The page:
9 Order Book for retail bonds (ORB) Order Book for retail bonds (ORB) Key features of the order book ORB Retail Bonds in your portfolio Accessing the electronic Order book for Retail Bonds Open and transparent market structure for trading in retail-size bonds Electronic order-driven model Dedicated Market Makers quoting bid and offer prices in a range of bonds throughout the trading day. Possibility for registered members to enter orders into the book (through which private investors may access the market) Trading day starts at 8.00 followed by continuous trading until market close at Standardised minimum price movement, also known as the tick size, for all order book bonds at 0.01 All order book trades are reported automatically and published immediately. The unit in which each corporate bond is tradable follows the trading denomination specified in the particular bond s prospectus documentation. For ORB dedicated bonds this is typically 100 although other retail bonds may be tradable in multiples of 1,000 or 10,000. For gilts, the standard lot size on the ORB is 1, meaning that gilts can be traded in multiples of whole pounds. Settlement All trades on the ORB are executed on a clean basis, i.e., excluding accrued interest. At the time of settlement, however, the buyer will pay the dirty price, which is equal to the clean price plus the accrued interest (i.e. a pro-rata share of the next coupon payable by the issuer). The standard settlement timetable for corporate bonds on the order book is T+3. In keeping with the market standard, the settlement timetable for all gilt securities is T+1. Retail-size denominations Under the Prospectus Directive, the regulatory regime distinguishes between wholesale bonds, which are tradeable in units of 100,000 or greater, and retail bonds which are tradable in smaller size, often in denominations of 1,000 for example. Most bonds are typically wholesale bonds and are therefore not accessible to private investors because of the large size of the denominations in which they must be traded. These bonds are allowed some exceptions from the disclosure rules and are usually marketed to institutional investors including fund managers and asset managers The aim of the ORB is to make a wider selection of retailsize bonds available. 44 dedicated new bonds have already been issued onto the ORB which are available in manageable trading sizes, some as small as 100 or even 1. These bonds are subject to enhanced disclosure requirements and are usually marketed through an extended book-build to retail investors via their stock brokers. In keeping with the aims of transparency and accessibility, all of the prospectus documentation, which previously could be rather difficult to access, is now available for all ORB bonds and can be downloaded for free from London Stock Exchange website. There is also a free 15-minute delayed pricing service where investors can see bid/offer prices, last trade information and make use of a variety of innovative charting and analytical tools. For further investor education, we have developed a dedicated site for private investors at where there is a range of resources available for free, including guides to the mechanics of bonds and dedicated fact-sheets on pricing and accrued interest calculations. Diversification on ORB Following its establishment in February 2010, large UK household names tapped the ORB market, including Tesco Personal Finance, Lloyds TSB and National Grid. Since then, the market has evolved and an increasingly diverse range of issuers has been approaching the retail bond space, thereby increasing the opportunities for investors and fostering the development of the market. Types of broker Execution-only brokers will only buy or sell bonds according to your instructions, providing no investment or trading advice. This allows you to select the bonds in which you wish to trade and simply direct your broker to execute the trade for you. Advisory brokers provide advice and also execute the trading decisions you make. Discretionary brokers will buy and sell bonds on your behalf and may also have the authority to make investment decisions without your prior approval. Direct Market Access You may also wish to choose a broker who offers Direct Market Access (DMA), a service whereby London Stock Exchange Members are able to submit directly customer orders to the order book via their own systems. DMA allows sophisticated private investors to take greater control of their trades by enabling them to place buy and sell orders directly on London Stock Exchange s order books and execute with other market participants. Contact Us If you would like to know more about trading bonds on London Stock Exchange s markets please contact your broker or the ORB team at: ORB has proved popular with a wide range of investors, providing easier access to an attractive asset class. Investors can benefit from diversification of their corporate bond portfolio and spread their exposure across a range of maturities, industries and credit risk. They can choose among almost 180 retail denominated issues on the platform which include government gilts, corporate and supranational bonds London Stock Exchange guide for private investors Order Book for retail bonds (ORB) London Stock Exchange guide for private investors Order Book for retail bonds (ORB)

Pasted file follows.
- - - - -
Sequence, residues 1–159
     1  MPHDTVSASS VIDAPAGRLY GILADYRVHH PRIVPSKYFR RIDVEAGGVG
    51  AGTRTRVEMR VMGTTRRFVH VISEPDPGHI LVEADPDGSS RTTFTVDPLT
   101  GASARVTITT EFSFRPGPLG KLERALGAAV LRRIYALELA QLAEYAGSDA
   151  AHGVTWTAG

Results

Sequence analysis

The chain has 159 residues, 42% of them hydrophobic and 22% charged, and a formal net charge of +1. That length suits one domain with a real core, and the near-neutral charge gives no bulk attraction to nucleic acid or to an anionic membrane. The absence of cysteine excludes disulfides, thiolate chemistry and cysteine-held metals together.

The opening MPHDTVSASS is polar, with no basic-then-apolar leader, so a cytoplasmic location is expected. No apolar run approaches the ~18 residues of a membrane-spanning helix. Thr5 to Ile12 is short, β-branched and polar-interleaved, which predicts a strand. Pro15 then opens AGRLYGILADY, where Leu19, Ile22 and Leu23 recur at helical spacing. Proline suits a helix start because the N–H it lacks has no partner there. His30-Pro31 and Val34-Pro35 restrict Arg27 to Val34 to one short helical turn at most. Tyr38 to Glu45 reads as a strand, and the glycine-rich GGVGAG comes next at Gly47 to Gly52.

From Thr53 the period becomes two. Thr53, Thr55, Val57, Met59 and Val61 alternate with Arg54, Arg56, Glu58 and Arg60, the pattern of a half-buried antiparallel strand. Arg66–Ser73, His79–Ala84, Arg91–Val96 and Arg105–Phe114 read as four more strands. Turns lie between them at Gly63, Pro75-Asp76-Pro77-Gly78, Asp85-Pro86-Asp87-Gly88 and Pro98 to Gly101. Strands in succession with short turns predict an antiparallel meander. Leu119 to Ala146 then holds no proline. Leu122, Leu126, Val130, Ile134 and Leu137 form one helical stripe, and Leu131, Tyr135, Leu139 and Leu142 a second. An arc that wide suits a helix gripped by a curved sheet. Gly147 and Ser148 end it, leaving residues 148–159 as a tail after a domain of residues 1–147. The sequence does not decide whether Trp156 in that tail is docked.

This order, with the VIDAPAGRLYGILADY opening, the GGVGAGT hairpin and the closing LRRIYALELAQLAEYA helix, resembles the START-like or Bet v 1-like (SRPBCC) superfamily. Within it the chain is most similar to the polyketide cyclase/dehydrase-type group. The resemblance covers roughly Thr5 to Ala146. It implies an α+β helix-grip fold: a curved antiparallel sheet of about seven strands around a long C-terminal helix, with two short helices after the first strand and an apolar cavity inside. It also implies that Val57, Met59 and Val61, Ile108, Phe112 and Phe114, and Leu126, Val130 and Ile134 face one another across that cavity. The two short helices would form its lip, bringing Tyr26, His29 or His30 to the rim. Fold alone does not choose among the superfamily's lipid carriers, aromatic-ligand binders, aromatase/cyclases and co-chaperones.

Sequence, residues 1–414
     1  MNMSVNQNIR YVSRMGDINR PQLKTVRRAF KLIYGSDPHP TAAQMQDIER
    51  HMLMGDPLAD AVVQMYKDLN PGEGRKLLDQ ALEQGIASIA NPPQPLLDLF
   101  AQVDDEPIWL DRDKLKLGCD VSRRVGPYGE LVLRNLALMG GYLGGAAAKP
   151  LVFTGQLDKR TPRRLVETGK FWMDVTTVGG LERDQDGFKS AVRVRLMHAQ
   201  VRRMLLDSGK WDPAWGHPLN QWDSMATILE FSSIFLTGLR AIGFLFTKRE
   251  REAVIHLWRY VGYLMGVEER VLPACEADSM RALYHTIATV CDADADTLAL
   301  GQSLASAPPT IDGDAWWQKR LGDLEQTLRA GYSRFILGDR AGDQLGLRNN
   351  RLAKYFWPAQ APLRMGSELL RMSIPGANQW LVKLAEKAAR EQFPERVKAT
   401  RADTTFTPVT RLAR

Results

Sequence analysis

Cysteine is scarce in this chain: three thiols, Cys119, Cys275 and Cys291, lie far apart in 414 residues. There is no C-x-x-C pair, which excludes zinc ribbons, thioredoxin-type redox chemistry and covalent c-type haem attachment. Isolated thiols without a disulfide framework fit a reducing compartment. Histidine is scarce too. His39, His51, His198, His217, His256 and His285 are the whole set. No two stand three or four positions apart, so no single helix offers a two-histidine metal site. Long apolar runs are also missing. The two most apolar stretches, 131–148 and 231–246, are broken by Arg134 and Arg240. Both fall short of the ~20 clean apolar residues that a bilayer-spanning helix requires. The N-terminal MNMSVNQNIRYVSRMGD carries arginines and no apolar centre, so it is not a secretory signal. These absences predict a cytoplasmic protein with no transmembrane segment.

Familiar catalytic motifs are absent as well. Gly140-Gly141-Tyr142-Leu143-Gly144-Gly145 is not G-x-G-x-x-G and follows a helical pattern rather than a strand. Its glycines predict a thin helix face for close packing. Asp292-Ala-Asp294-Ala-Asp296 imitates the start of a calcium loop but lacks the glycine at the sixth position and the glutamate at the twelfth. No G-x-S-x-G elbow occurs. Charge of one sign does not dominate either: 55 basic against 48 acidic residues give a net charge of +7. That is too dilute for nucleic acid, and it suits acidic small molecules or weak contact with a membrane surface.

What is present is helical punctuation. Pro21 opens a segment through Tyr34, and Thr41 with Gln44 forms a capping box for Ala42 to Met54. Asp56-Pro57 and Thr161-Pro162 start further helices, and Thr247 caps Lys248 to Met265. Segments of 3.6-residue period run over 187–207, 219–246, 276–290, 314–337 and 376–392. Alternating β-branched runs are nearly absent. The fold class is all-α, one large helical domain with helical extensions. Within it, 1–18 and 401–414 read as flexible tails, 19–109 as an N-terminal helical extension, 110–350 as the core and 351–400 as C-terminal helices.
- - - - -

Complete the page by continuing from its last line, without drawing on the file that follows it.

10 Contact information For further information, please contact Equity Trading Services ; Website; Exchange Traded Funds ; Website; Exchange Traded Products ; Website; Order Book for retail bonds (ORB) ; Website; London Stock Exchange guide for private investors London Stock Exchange Retail offerings

11 The publication of this document does not represent solicitation by London Stock Exchange plc of public saving and is not to be considered as a recommendation as to the suitability of the investment, if any, herein described. This document is not to be considered complete and it is meant for information and discussion purposes only. Information in this brochure is not offered as advice on any particular matter and must not be treated as a substitute for specific advice. In particular the information provided does not constitute professional, financial or investment advice and must not be used as a basis for making investment decisions and is in no way intended, directly or indirectly, as an attempt to market or sell any type of financial instrument. Advice from a suitably qualified professional should always be sought in relation to any particular matter or circumstances. The contents of this brochure do not constitute an invitation to invest in shares or subscribe for any securities or other financial instruments, nor should it or any part of it form the basis of, or be relied upon in any connection with, any contract or commitment whatsoever. London Stock Exchange does not conduct investment business in the United Kingdom with private customers and accordingly services and products mentioned or referred to in this brochure are not available to such persons directly via London Stock Exchange. London Stock Exchange accepts no liability, arising, without limitation to the generality of the forgoing, from inaccuracies and/or mistakes, for decisions and/or actions taken by any party based on this document. September 2014 London Stock Exchange Group plc. Registered in England & Wales No